Notes of a Native Son, when first published in 1955, did not sell well. However, when it was reissued in paperback form in 1957, after the publication of Baldwin’s Giovanni’s Room, it received outstanding reviews and brisk sales and would go on to become one of the most popular of all Baldwin’s works.
An example of the praise that Baldwin received for Notes of a Native Son comes from Baldwin’s biographer Leeming, who writes, ‘‘With the publication of Notes of a Native Son, Baldwin staked a large claim in an area of American literary territory inhabited by such masters of the essay and autobiography as Ralph Waldo Emerson, Henry David Thoreau, and Frederick Douglass.’’ Leeming would add that Baldwin ‘‘leads the white consciousness through the horrors of the black dilemma, not without passion, but with the subtlety and elegance of a Henry James.’’
In Nick Aaron Ford’s essay ‘‘The Evolution of James Baldwin as Essayist,’’ Ford states, ‘‘James Baldwin is one of the most talented American essayists since Ralph Waldo Emerson.’’ Ford continues:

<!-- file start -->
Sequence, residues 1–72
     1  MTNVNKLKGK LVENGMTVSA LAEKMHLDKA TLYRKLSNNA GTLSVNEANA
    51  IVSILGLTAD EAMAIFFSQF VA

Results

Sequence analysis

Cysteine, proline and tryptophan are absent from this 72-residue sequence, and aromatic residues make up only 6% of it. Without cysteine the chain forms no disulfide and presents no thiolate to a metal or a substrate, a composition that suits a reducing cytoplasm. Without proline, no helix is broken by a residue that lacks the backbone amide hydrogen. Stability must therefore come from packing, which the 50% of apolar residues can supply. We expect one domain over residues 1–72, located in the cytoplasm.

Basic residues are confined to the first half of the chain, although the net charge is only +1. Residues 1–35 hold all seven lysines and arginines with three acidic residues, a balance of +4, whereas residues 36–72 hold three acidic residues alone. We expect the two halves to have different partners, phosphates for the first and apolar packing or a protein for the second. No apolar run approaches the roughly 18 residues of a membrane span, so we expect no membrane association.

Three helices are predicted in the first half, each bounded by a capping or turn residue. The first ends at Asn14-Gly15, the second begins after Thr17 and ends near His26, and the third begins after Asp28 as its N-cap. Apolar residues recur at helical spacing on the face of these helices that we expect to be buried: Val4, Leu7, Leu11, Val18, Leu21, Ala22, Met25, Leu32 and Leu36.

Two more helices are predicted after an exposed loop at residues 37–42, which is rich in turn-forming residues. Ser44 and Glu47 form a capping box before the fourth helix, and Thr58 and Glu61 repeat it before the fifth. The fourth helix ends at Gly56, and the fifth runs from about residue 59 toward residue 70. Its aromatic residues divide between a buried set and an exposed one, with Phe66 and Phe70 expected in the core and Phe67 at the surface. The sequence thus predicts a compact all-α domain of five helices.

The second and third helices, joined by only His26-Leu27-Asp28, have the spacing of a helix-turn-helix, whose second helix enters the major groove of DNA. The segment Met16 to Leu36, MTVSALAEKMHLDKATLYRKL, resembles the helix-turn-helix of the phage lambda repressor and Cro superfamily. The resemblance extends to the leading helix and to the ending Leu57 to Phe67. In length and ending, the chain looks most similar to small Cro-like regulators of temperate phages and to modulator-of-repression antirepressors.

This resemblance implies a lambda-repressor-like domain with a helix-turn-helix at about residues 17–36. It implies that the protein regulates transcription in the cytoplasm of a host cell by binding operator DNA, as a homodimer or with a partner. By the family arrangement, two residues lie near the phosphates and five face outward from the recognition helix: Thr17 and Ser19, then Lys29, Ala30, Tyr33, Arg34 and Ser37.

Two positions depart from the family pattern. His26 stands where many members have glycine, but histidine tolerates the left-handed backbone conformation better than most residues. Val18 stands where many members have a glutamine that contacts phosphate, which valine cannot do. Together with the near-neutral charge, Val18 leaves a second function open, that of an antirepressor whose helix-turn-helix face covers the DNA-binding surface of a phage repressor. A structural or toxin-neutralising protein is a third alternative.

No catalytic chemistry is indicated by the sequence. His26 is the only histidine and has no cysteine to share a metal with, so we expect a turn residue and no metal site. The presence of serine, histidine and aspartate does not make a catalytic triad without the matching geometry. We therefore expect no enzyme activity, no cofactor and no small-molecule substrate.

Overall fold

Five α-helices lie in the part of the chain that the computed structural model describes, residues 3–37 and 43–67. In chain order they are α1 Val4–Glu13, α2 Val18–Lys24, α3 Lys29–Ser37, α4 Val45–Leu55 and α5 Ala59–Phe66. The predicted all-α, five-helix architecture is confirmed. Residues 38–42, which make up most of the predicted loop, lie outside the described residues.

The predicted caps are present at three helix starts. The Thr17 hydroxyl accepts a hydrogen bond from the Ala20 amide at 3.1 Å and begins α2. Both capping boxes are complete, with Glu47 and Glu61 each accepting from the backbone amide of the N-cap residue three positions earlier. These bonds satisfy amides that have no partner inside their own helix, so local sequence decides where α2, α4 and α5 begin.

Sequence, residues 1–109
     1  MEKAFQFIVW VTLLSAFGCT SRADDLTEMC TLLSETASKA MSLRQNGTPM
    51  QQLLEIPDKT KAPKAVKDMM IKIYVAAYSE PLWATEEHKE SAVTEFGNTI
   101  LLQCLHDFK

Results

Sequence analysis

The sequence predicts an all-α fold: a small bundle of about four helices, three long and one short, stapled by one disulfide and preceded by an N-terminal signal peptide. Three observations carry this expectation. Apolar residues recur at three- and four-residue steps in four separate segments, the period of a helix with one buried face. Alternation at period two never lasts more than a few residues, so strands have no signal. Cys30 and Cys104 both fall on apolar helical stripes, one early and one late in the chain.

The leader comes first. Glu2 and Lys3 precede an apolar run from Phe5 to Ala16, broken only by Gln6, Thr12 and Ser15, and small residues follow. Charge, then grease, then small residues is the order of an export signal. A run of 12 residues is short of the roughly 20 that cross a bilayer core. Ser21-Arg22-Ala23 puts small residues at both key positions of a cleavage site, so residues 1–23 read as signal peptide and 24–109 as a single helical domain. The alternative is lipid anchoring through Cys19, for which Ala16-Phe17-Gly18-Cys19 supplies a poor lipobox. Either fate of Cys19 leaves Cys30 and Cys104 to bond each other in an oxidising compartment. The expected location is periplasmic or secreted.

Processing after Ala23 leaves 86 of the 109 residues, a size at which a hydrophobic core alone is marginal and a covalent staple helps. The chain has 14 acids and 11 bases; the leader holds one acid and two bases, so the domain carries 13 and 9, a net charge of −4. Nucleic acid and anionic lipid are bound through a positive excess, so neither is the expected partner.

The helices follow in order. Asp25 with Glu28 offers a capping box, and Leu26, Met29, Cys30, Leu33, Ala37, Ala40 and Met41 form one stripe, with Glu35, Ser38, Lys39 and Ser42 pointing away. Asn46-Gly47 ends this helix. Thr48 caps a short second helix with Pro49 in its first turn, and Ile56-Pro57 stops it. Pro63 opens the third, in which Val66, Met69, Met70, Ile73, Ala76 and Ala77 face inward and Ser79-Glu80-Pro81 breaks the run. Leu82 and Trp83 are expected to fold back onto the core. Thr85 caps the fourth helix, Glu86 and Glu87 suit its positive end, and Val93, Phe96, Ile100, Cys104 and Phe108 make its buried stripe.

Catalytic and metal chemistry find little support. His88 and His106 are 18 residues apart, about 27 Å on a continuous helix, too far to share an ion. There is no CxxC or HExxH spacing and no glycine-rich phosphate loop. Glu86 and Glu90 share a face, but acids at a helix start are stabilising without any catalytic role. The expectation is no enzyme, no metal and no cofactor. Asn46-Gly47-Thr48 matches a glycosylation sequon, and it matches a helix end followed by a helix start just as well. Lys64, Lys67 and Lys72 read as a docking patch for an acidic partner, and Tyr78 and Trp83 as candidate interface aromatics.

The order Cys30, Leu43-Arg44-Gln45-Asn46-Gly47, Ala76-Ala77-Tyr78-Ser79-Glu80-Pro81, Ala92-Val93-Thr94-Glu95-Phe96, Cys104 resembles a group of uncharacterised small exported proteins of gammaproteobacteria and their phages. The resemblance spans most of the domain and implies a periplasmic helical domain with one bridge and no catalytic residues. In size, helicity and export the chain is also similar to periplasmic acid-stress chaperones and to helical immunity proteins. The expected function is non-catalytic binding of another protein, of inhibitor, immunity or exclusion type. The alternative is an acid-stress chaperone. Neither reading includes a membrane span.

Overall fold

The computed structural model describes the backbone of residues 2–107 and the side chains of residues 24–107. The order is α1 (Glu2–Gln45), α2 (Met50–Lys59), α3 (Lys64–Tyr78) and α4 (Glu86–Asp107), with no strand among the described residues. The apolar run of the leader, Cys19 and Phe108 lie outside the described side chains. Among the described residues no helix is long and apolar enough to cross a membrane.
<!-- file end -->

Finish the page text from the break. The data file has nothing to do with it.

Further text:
Like Emerson . . . his major thrust is not to impart abstract or concrete knowledge, but to provoke humane thought and announce eternal truths intended to elevate the consciousness of the reader from animal passion to spiritual or philosophical contemplation.
Another noted African-American author, also a contemporary of Baldwin’s, was Langston Hughes, who wrote a review of Notes of a Native Son for the New York Times in which he describes Baldwin:
James Baldwin writes down to nobody, and he is trying very hard to write up to himself. As an essayist he is thought-provoking, tantalizing, irritating, abusing and amusing. And he uses words as the sea uses waves, to flow and beat, advance and retreat, rise and take a bow in disappearing.
Hughes believed that there were few writers in America who could ‘‘handle words more effec- tively in the essay’’ than Baldwin. Hughes adds: ‘‘In his essays, words and material suit each other. The thought becomes poetry, and the poetry illuminates the thought.’’
James Campbell wrote Talking at the Gates: A Life of James Baldwin , in which he praises Baldwin’s gift as essayist, a type of...
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